I have been training Heavy Duty style since October 2013. It took me some time to unlearn volume training, and leave more is better mentality behind. I am not using unlearning as a purely intellectual activity here. Mike Mentzer’s teachings are clear and logical. But when it comes to weight training your body needs to chew on the ideas too. Unsurprisingly I made mistakes in my first few (3 to 6 month long) cycles. But then I got the hang of it. I can now say, with confidence, that Heavy Duty Training works for me. It works damn well.
Just a few tips on using Guice. If you are not familiar with dependency injection this post might make little sense. I hope this will be useful for those of you who are interested in well organized and testable code.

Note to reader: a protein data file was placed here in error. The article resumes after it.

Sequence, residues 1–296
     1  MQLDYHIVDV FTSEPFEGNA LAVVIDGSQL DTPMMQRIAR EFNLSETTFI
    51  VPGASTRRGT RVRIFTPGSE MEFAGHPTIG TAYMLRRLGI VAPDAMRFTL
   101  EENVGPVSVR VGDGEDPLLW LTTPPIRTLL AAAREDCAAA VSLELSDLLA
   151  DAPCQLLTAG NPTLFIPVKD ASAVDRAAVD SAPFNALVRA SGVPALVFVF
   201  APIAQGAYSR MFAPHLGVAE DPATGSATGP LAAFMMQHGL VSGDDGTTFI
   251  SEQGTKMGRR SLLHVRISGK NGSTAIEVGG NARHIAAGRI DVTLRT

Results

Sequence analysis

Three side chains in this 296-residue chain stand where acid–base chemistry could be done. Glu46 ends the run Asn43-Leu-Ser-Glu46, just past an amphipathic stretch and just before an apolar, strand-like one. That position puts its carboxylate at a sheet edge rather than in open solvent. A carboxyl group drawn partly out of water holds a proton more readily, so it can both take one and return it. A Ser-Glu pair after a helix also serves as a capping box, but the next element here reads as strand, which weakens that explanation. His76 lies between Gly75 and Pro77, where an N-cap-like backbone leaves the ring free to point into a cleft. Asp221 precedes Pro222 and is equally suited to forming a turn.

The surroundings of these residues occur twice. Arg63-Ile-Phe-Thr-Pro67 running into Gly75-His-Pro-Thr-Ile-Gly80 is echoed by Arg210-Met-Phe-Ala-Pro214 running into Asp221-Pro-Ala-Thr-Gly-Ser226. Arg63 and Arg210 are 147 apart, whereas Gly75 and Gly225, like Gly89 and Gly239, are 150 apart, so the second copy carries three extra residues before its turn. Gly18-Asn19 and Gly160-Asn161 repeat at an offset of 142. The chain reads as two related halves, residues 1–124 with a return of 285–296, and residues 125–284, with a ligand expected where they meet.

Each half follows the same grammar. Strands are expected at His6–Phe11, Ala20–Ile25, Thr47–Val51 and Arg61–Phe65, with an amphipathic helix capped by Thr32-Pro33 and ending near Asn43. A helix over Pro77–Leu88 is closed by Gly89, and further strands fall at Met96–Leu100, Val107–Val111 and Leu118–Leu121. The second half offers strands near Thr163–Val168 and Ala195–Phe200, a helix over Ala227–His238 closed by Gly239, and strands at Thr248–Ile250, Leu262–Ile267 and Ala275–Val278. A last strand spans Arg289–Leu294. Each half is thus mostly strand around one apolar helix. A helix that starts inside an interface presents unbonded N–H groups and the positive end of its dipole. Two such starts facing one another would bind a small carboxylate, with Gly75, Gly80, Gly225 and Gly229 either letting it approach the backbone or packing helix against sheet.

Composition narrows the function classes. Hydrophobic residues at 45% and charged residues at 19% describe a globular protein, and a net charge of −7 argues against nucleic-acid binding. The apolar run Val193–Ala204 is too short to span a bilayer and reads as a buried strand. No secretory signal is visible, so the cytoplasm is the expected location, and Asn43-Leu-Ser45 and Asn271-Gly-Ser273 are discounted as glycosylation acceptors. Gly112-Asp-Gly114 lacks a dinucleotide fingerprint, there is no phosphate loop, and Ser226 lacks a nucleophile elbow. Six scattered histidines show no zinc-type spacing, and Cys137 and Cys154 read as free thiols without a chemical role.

Socko is a library that provides a web server which talks Akka with the rest of the application. I am not sure about the lightweight claim on its website, but it certainly delivers on the embedded claim. Just add it as a dependency and create a WebServer. You are not forced to use a special command-line tool. You are not forced to use a specific build tool. This is but important because I am interested in technologies that provide functionality without dominating my architecture.
Abstractions allow us to focus on the immediate computation at hand while hiding its details. Organizing code into modules (or packages or classes) is a form of abstraction. So are functions.
This post is about abstracting syntax. Syntactical abstraction can vary between using functions to abstract away common operations and full fledged DSLs that allow us to express complex tasks with ease. This post is about Clojure’s language constructs that simplify forms. It falls somewhere between those two extremes.
Capitalize was a small (tiny really) project to practice ClojureScript. I think I have learned enough to justify a blog post. Since ClojureScript is basically Clojure with a few differences I am focusing on tools and libraries.